Stock markets worldwide plunged on Thursday amid fears of a new global economic downturn, with Wall Street suffering its worst day since the financial crisis.
Mounting worries over the eurozone debt crisis and a new batch of weak economic data from the United States did a one-two punch to hammer investor confidence, shaking investors on both sides of the Atlantic.
The Dow Jones Industrial Average fell 4.3 percent, or 512.76 points -- its worst one-day drop since December 2008 -- to close at 11,383.68, erasing all of its gains so far this year.
The broader S&P 500 dropped 4.8 percent to end the day at 1,200.07, while the tech-heavy Nasdaq Composite dived 5.1 percent to 2,556.39.
London's benchmark FTSE 100 index fell 3.43 percent, retreating to levels last seen in September 2010; in Frankfurt the DAX fell 3.40 percent, and France's CAC 40 dropped 3.90 percent.
In Brazil, the Sao Paulo Stock Exchange lost 5.72 percent, while Mexico's Bolsa lost 3.4 percent.
"We're seeing the erosion and now the loss of confidence, confidence in the economy, confidence in the market, confidence in the policy makers. It's all showing up," said Hugh Johnson, of Hugh Johnson Advisors.
"There is a deep concern about global growth and of the state of play in the United States in particular," said City Index analyst Giles Watts.
"Traders are growing increasingly concerned about a sharp slowdown in US economic activity in the third quarter."
In Europe, investor sentiment remains plagued by worries that debt-laden Italy and Spain could be engulfed by the fast-moving eurozone debt crisis.
The European Central Bank announced Thursday that it would resume emergency credit-easing measures, some of which were last enacted at the height of the global financial crisis.
But the ECB's efforts still failed to restore confidence. The risk premium investors demand to buy Spanish 10-year bonds over safe-bet German debt shot back up to near a record high on Thursday.
The eurozone debt crisis has put Italy and Spain under huge pressure in recent weeks after Greece, Ireland and Portugal had to be bailed out by the European Union and the International Monetary Fund.
In the United States, data continued to point to a very weak economy, with some analysts citing fears of a new recession.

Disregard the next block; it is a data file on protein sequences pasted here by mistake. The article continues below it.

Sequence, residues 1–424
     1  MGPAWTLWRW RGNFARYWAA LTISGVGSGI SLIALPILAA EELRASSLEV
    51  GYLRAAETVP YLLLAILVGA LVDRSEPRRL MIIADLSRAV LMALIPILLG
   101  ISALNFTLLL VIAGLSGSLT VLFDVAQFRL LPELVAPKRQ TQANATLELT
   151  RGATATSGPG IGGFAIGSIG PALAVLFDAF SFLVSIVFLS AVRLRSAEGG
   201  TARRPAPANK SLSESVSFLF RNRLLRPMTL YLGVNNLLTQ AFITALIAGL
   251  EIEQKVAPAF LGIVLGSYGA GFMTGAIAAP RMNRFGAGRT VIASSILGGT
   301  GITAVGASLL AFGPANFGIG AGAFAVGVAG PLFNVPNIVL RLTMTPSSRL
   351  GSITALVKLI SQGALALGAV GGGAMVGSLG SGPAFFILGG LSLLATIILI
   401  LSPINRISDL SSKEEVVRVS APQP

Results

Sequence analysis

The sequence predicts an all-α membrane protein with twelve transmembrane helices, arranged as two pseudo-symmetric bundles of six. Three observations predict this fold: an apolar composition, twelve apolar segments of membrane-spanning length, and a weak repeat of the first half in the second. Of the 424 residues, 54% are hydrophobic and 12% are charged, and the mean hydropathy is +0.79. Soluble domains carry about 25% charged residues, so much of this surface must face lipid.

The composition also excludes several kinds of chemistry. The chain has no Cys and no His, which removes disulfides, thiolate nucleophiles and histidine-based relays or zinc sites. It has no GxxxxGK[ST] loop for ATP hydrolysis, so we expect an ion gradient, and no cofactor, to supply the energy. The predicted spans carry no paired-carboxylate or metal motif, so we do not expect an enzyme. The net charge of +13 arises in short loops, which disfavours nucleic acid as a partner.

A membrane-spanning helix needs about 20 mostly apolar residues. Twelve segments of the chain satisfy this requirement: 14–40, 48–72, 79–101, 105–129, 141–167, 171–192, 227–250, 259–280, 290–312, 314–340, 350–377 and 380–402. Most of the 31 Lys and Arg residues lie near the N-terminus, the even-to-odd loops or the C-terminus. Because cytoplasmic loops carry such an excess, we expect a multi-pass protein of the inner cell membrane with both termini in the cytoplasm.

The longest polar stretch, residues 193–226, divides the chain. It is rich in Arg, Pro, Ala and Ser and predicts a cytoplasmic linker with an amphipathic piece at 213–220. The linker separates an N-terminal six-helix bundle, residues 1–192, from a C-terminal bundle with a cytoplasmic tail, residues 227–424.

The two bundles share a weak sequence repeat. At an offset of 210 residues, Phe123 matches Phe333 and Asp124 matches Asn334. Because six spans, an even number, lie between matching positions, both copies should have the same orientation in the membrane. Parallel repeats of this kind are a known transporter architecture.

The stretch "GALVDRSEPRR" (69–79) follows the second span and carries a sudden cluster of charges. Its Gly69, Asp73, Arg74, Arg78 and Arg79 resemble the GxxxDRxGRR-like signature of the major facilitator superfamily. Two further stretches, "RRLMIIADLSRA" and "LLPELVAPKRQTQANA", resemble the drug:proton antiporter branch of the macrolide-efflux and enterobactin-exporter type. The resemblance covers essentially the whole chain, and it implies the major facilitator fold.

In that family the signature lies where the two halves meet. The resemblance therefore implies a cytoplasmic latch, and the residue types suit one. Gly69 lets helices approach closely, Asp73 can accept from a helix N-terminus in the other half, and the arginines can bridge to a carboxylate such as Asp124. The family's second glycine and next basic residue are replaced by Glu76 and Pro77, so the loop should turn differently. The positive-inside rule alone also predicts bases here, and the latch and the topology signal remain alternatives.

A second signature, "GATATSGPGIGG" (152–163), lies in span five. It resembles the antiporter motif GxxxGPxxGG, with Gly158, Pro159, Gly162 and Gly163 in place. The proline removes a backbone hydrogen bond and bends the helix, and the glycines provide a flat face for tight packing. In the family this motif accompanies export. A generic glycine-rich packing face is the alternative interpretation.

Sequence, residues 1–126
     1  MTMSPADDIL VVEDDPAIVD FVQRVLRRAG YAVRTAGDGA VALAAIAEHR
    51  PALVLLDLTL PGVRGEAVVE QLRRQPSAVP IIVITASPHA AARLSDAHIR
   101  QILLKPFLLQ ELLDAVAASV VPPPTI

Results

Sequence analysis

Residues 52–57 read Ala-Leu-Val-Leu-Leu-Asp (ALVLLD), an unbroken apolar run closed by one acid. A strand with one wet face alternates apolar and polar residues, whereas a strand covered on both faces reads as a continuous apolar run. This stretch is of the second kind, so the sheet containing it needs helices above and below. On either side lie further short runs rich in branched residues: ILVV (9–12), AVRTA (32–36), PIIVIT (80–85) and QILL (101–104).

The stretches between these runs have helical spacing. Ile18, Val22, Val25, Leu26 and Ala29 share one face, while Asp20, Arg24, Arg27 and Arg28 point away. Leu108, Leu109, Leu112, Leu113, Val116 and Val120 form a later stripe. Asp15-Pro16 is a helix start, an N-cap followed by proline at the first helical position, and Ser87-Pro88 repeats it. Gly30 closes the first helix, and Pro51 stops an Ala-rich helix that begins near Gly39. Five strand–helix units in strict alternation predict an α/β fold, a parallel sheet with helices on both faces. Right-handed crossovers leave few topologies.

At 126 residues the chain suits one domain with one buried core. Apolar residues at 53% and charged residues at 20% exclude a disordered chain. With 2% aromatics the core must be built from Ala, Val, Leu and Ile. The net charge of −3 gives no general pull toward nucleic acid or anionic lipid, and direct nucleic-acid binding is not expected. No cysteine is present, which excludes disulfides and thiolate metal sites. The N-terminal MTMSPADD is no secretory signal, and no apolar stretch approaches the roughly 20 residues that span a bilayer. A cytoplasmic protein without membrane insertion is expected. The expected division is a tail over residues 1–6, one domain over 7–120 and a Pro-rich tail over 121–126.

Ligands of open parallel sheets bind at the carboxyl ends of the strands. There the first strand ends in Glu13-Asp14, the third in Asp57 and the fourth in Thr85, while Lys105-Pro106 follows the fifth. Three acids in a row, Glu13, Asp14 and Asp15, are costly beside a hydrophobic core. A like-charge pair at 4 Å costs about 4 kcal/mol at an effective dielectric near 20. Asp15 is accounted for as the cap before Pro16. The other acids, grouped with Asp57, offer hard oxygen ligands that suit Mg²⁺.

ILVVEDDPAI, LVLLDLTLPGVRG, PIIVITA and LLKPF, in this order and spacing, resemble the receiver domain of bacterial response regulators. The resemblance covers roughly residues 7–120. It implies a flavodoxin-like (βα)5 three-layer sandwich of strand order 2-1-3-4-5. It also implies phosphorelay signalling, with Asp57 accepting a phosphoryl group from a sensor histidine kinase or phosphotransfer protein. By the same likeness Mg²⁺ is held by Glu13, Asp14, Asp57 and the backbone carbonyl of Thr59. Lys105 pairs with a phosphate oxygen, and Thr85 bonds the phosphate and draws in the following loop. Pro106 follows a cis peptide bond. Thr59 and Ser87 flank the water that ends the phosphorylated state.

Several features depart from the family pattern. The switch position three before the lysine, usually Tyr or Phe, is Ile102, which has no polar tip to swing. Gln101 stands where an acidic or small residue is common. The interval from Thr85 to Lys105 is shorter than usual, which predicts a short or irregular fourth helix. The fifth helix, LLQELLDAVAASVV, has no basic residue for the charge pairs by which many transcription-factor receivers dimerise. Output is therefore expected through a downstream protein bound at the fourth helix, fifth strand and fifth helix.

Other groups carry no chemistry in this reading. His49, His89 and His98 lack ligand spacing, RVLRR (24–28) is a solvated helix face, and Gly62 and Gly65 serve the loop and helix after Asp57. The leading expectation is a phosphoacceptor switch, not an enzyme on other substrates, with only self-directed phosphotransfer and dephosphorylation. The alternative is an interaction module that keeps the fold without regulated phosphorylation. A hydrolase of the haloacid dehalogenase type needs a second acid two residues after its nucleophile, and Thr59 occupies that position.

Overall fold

The US Labor Department reported Thursday that weekly claims for unemployment benefits remained at a high 400,000 last week.
"Stocks have retreated deeper into the red to set a new 2011 low. The bleeding continues to be broad-based," said Briefing.com.
"European banking stocks are under pressure as contagion fears work their way into Italy, the third largest economy in the eurozone."
Gold scored a new record at $1,681.72 per ounce on the spot market in New York as investors flocked to the precious metal, regarded as a safe bet in times of economic turmoil. It later retreated to $1,647.57.
Prices for US government bonds, another safe haven, also rose. The yield on the 10-year Treasury dropped to 2.46 percent from 2.60 percent late Wednesday, while that on the 30-year bond fell to 3.72 percent from 3.87 percent. (Bond prices and yields move in opposite directions.)
Oil prices in New York and London both fell more than five percent amid fears that a slowdown could take a deep bite out of global energy demand.
"The fear of a double dip recession with the slowdown in the US and the sovereign debt situation in Europe is having everybody biting their nails," said Adam Sieminski, chief energy economist of Deutsche Bank.
On forex markets, the dollar surged against other major currencies, helped by Japanese and Swiss government interventions to press their own currencies back down after the recent jump in risk-aversion.
But by the end of the day, the Swiss franc -- the favorite safe-haven of recent months -- ended higher against the greenback: at 2100 GMT, one dollar bought 0.7666 francs, compared to 0.7692 late Wednesday.
The euro fell more than two percent to 1.0818 francs from 1.1019.
But the US dollar was up against the euro, which brought $1.4106 (from $1.4318) and the yen, 78.93 yen (from 76.97).
The pound also lost ground to the greenback, to $1.6266 (from $1.6422).